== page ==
This is an interesting question with many ways to expand it, and I won’t go far into that. I liked reading Toynbee’s ‘A Study of History’ with the S/R or challenge-response paradigm concerning the development of civilization and the stage it goes through (about four) as part of a cycle of civilization. There are many other theories though- too many to sort through the best for simple answers for a course question unless one knows what they are looking for.
Toynbee believed (among other ideas) that a creative minority stimulates the existence and culture of a state and the uncreative majority follows those values. If the creative minority of founders fades away the uncreative majority’s ideas and culture may evolve obsolescence.
The main point of a modern state seems to be that of a common culture promoted by the state. The U.S. government in the past few decades seems have put some effort into dissolving that common culture in preference for multiculturalism- and that seems apropos of the Universal phase of a civilization aka globalism.https://courses.lumenlearning.com/suny-hccc-worldhistory/chapter/introduction-to-nation-states/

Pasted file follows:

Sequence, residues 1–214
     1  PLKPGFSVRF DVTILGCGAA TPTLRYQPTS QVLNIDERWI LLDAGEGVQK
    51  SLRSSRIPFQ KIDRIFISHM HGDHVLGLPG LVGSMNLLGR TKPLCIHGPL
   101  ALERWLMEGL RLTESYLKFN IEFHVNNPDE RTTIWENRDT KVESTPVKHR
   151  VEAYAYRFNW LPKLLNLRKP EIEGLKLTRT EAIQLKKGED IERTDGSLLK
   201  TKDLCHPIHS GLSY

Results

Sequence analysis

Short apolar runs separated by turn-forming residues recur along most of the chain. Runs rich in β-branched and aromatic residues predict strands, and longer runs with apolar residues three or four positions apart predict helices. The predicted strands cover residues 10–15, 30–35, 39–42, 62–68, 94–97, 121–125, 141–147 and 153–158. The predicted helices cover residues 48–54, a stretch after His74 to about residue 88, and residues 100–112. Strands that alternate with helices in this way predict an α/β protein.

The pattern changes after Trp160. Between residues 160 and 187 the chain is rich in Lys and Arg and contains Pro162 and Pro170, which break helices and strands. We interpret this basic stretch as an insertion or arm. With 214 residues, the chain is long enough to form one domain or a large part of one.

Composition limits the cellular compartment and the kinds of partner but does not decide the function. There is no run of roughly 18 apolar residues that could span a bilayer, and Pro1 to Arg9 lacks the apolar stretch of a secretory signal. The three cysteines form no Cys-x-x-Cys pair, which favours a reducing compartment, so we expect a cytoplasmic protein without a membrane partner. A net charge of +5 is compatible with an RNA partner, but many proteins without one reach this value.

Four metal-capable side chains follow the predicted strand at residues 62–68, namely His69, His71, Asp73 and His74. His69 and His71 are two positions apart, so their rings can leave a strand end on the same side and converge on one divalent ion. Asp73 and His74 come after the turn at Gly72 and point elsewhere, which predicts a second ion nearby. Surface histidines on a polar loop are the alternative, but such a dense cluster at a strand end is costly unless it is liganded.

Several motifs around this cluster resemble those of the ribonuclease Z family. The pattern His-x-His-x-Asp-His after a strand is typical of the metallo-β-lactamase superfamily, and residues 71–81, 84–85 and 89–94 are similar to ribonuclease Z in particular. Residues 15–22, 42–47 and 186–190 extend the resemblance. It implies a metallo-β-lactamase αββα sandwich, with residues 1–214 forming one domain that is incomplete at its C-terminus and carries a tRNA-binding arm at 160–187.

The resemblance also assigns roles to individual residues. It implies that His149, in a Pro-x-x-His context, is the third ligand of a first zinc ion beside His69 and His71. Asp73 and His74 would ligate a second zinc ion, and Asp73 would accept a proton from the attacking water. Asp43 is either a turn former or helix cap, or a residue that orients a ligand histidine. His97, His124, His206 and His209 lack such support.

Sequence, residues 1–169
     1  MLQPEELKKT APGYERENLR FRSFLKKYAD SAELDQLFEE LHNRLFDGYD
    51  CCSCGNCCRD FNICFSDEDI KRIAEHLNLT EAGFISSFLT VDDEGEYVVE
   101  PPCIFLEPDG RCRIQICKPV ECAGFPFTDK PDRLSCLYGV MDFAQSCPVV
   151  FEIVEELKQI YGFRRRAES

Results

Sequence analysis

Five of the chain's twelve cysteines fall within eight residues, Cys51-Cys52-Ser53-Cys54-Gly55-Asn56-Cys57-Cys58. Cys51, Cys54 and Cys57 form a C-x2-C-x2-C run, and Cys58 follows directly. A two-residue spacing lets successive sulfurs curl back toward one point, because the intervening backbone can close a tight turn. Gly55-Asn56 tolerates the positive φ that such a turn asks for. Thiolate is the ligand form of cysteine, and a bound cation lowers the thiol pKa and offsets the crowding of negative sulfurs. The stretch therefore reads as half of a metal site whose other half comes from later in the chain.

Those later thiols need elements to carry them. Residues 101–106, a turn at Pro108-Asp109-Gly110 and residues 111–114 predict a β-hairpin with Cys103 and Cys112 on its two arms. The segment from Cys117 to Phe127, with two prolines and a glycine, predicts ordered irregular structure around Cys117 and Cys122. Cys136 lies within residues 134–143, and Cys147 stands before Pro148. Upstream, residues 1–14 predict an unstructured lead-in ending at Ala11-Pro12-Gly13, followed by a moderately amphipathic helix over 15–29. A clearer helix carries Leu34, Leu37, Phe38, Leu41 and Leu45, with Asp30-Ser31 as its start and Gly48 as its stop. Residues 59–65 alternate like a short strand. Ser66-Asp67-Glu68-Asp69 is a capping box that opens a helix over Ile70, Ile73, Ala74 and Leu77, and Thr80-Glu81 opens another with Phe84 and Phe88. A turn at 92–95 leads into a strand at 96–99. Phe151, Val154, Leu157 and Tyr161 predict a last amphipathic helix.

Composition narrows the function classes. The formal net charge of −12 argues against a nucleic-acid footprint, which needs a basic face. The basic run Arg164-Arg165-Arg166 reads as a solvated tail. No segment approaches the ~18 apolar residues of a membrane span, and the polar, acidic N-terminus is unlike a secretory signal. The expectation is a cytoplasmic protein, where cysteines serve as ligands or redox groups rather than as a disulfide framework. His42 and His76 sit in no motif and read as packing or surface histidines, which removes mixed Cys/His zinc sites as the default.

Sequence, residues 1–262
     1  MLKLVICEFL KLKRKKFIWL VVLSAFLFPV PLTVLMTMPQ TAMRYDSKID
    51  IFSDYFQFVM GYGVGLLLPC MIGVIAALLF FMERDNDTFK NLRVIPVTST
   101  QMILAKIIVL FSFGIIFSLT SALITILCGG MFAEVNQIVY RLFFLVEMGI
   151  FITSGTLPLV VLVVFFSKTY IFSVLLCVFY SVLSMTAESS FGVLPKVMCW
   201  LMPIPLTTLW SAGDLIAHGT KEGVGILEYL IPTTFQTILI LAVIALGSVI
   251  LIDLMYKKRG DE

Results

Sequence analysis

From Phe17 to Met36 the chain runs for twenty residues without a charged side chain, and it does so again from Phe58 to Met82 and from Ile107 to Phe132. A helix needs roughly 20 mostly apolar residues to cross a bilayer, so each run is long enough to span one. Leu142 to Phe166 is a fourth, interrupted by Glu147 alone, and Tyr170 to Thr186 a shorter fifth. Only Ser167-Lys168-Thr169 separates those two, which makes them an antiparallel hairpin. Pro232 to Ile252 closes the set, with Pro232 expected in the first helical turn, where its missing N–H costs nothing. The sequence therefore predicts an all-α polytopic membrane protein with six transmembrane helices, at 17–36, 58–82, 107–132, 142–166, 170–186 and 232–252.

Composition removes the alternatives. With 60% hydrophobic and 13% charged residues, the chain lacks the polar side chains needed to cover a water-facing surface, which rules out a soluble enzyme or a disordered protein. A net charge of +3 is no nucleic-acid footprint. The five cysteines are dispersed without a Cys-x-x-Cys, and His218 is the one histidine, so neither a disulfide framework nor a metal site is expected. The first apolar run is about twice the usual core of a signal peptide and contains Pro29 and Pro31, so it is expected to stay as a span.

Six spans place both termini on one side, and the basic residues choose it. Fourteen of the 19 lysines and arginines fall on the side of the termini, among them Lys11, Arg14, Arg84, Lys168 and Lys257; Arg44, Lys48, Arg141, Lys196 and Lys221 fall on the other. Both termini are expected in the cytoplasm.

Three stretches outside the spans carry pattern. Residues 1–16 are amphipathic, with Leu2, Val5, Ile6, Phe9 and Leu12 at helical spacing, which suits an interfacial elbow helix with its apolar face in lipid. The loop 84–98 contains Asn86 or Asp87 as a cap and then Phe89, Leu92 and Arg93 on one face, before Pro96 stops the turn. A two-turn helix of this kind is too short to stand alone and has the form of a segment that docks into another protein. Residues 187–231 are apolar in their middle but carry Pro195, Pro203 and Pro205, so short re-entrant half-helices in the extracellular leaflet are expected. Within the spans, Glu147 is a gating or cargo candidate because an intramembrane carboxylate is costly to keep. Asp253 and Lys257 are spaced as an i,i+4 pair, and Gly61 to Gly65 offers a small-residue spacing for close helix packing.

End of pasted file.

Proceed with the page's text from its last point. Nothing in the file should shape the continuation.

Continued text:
One may of course discount that point about culture and place the being of a modern state in institutions, financial structures and laws. Developing nations famously tend to lack adequate non-governmental institutions or to have weak ones. Consider the value of Universal free public education to the intellectual capital of a modern nation-state and the perpetuating poverty of nations with weak educational institutions.
Some may believe that the world culture is a modern nation-state that has transcended national boundaries. The heterodox global financial structure might support that thesis.